Is The Dresden Green Vault Heist About To Be Solved?

This is what Dresden Castle and the Theatre Square in front of it looked like directly after the incident, as police secured evidence and searched for witnesses. Photo: Bambizoe / CC0
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The latest evidence in the case of Dresden’s ‘heist of the century’, during which jewels belonging to Augustus II the Strong were stolen, have led detectives to Berlin. Throughout September 2020, officials from both the State Office of Criminal Investigations (Landeskriminalamt) and Uniformed Police have been searching apartments and commercial properties there. The new clues could lead to the capture of the thieves who broke into the Historic Green Vault in 2019. At the time, ‘Europe’s treasure chamber’ was considered to be well secured.

The thieves broke into the museum through this window. The window bars were cut open at the bottom left corner and repaired later. Photo: Bybbisch94, Christian Gebhardt / CC BY-SA 4.0

Planned Meticulously, Completed In Minutes

Shortly before 5 a.m. on 25 November 2019, the thieves set fire to a power box, thereby disabling the lights on Theaterplatz in front of Dresden Castle. They cut through the wrought iron bars on the window, smashed the safety glass window out of its brackets and climbed into the Historic Green Vault. They crossed through the Hall of Treasures into the adjoining Coats of Arms Room and from there, they entered the Jewel Chamber. It is still unclear why this didn’t trigger any alarms at the time.

A surveillance camera captured the thieves breaking a display case with an axe before hurriedly taking out the contents. The stolen items belonged to three jewellery sets dating back to the time of Elector of Saxony Augustus II the Strong: the Jewellery of the Queens, the Diamond Rose Set and the Brilliant Set. Two security guards saw the incident, but they were not permitted to intervene themselves as they were unarmed; all they could do was notify the police. The thieves scattered fire-extinguishing powder around the room and were gone as quickly as they’d come. You can watch an initial reconstruction of the crime in this documentary:


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Following Clues – From Dresden To Berlin

This method is reminiscent of the bold break-in at the Bode Museum, which was carried out by an organised crime gang. However, detectives do not yet have any evidence to suggest that a Berlin gang might also be behind the spectacular stunt in Dresden.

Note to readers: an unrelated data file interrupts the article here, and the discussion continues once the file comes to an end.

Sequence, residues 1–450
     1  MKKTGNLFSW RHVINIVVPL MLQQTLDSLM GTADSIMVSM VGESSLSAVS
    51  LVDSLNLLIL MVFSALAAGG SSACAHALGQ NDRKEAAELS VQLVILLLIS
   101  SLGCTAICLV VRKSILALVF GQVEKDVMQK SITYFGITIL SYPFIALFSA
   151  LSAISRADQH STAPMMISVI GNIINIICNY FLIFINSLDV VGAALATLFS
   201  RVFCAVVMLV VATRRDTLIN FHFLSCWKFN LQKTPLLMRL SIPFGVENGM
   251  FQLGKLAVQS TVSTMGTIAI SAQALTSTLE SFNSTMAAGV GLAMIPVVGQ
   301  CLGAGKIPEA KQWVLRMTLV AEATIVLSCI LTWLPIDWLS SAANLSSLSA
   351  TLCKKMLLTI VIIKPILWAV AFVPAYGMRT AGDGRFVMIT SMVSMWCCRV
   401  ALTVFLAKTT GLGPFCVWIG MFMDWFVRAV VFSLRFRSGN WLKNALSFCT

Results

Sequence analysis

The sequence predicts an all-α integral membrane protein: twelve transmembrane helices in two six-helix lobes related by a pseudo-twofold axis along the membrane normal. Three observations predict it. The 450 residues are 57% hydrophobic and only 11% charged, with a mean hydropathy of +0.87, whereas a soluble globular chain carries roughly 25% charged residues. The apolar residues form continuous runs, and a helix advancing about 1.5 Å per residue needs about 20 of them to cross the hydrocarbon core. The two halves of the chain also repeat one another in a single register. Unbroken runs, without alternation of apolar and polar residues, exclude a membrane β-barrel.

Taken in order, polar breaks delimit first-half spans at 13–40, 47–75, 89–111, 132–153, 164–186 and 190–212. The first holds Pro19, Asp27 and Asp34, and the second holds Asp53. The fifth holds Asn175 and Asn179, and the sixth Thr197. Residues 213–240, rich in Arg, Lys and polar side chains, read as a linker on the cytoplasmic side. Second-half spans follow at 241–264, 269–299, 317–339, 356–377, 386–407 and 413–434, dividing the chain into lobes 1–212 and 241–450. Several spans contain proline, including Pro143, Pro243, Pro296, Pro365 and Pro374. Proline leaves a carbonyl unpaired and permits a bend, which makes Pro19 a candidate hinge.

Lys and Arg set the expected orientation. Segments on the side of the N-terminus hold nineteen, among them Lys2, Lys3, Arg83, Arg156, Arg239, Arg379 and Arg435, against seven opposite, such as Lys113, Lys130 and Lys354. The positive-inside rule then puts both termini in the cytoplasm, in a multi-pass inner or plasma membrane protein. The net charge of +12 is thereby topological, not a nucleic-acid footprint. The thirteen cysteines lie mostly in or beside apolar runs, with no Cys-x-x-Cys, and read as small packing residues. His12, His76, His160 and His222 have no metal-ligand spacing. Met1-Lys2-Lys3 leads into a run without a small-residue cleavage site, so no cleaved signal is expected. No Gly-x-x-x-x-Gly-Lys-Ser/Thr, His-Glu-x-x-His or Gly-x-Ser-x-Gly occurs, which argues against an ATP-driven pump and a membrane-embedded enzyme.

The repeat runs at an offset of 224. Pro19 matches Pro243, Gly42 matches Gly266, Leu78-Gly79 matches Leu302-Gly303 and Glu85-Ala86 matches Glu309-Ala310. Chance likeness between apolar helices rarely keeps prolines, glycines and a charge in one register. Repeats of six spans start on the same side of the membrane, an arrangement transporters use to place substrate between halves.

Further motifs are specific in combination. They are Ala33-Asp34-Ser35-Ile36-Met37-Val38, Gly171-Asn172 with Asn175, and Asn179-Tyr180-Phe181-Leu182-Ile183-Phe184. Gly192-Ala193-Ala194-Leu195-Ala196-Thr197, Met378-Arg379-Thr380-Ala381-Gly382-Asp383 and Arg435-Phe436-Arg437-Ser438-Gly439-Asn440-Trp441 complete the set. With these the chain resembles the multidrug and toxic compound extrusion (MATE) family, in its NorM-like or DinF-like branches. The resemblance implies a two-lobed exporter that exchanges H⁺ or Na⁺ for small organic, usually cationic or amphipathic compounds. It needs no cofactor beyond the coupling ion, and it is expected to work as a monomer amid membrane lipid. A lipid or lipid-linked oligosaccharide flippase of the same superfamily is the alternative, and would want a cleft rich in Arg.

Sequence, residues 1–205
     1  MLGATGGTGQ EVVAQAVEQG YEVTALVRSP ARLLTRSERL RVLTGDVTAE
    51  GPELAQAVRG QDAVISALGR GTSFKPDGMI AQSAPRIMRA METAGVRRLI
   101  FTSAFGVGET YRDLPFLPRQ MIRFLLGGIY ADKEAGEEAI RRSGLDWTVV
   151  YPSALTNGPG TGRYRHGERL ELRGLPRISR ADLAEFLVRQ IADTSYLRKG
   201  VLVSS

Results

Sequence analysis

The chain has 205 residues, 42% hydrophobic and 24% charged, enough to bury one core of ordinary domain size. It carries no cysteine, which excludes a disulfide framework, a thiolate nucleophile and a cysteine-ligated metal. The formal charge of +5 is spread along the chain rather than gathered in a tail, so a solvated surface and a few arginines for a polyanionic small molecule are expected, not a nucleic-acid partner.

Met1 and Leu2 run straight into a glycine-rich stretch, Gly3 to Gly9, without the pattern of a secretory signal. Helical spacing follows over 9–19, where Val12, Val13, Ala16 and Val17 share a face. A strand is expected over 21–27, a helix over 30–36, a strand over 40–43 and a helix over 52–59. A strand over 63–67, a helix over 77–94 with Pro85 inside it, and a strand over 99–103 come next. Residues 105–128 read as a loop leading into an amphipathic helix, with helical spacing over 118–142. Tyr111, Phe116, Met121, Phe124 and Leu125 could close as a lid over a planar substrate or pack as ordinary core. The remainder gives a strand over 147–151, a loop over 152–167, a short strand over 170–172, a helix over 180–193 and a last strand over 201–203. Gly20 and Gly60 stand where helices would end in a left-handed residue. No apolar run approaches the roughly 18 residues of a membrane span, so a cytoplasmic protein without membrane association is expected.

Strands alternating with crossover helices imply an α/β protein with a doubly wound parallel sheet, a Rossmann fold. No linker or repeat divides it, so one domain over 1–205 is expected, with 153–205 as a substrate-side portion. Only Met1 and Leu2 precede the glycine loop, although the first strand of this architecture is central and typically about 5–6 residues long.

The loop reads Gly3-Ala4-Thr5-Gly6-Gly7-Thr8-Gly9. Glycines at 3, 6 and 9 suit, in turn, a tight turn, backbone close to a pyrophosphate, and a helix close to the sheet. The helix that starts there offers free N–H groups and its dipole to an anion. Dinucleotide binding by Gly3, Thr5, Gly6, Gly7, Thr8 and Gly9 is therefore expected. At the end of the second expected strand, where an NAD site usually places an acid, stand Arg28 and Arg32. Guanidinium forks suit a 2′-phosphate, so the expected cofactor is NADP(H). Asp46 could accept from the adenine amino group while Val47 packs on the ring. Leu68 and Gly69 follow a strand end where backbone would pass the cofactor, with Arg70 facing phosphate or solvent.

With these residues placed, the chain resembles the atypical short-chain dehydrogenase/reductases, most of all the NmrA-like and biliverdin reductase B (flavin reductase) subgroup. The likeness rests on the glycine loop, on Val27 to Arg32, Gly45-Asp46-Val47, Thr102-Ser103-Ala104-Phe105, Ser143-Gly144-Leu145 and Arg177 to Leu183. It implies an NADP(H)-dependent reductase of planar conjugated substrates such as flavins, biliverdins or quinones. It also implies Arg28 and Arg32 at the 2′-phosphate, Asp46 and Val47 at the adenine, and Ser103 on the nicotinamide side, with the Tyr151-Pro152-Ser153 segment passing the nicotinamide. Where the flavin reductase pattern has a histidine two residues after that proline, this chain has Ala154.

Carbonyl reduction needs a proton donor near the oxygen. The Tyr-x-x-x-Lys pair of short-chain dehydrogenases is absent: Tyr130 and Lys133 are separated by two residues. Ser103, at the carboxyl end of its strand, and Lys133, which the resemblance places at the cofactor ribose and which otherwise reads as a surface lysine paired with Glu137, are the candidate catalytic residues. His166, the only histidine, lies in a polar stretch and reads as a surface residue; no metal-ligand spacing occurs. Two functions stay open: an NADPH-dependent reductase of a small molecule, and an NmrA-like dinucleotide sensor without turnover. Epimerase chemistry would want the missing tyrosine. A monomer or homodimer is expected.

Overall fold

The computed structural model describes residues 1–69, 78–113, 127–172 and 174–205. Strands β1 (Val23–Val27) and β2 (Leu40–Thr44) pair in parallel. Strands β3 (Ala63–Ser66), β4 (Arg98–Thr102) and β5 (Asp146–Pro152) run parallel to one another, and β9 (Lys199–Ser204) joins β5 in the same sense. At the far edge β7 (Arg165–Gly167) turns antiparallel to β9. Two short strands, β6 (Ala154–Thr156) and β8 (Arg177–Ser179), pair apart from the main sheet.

The stolen items, which are considered unsellable due to their uniqueness, are yet to be found. These items include parts of a diamond necklace worn by Queen Amalie Auguste, a breast star of the Polish Order of the White Eagle and an epaulette (shoulder piece) with the 50-carat Dresden White Diamond, which has been in Saxony’s possession since 1728.

The special commission established to investigate the case, named ‘Epaulette’, now believes there were seven perpetrators involved. The police have offered a reward of half a million euros for any information that helps them to capture the thieves or recover the jewels.

On the day of the break-in, officers found the getaway car, a light-coloured Audi S6 with a dark roof, which was caught on camera. The burnt-out vehicle was found in an underground car park in Dresden. But upon close examination, it became clear that the (stolen) car had originally been blue; a different-coloured car wrapping film had been applied shortly before the heist in order to erase any evidence.

On 9 September 2020, the police searched several businesses in Berlin that may have professionally wrapped the car. According to media reports, the prosecutor’s office made it immediately clear that the business owners were only being questioned as witnesses: ‘At this point of the investigation, we can assume that these businesses did not know the reason the suspects were getting their car wrapped.’ The police seized any business records and data that could help to ascertain the identity of the thieves.

There’s also a second trail of clues leading to Berlin, specifically to a man believed to sell mobile phone SIM cards registered with fictitious personal details. The thieves are thought to have bought SIM cards from him and used them to communicate with each other while they organised and carried out the heist. It is not yet clear whether this man knew what the SIM cards would be used for. Again, the police seized all documents, mobile phones and any other material that could help them track down the suspects. We’ll keep you posted.

Security In Museums: A Difficult Subject

As these investigations continue, the security measures in the Historic Green Vault are also coming under scrutiny and criticism. The museum had already decided to replace its outdated surveillance cameras back at the end of 2018. There are also plans to improve the security measures on the façade and around the display cases. Since then – and also as a result of the Dresden heist – several expert meetings have been held to discuss the subject of security in museums.

Questions about what security measures are realistic had already been raised after the break-in at the Bode Museum in Berlin, during which the giant gold coin ‘Big Maple Leaf’ was stolen. In that case, the thieves were apprehended, although the ‘Big Maple Leaf’ itself remains lost. While the break-in at the Bode Museum was carried out by an organised crime gang, a similarly brazen robbery at the Kaiser Wilhelm Memorial Church in Berlin, during which a number of orders were stolen, turned out to be the work of a petty criminal.

ArtNews reported on the search of the SIM card dealer.

The MDR has released multiple reports providing the latest updates from the investigation in Dresden (in German): investigations into the getaway car and the SIM card dealer.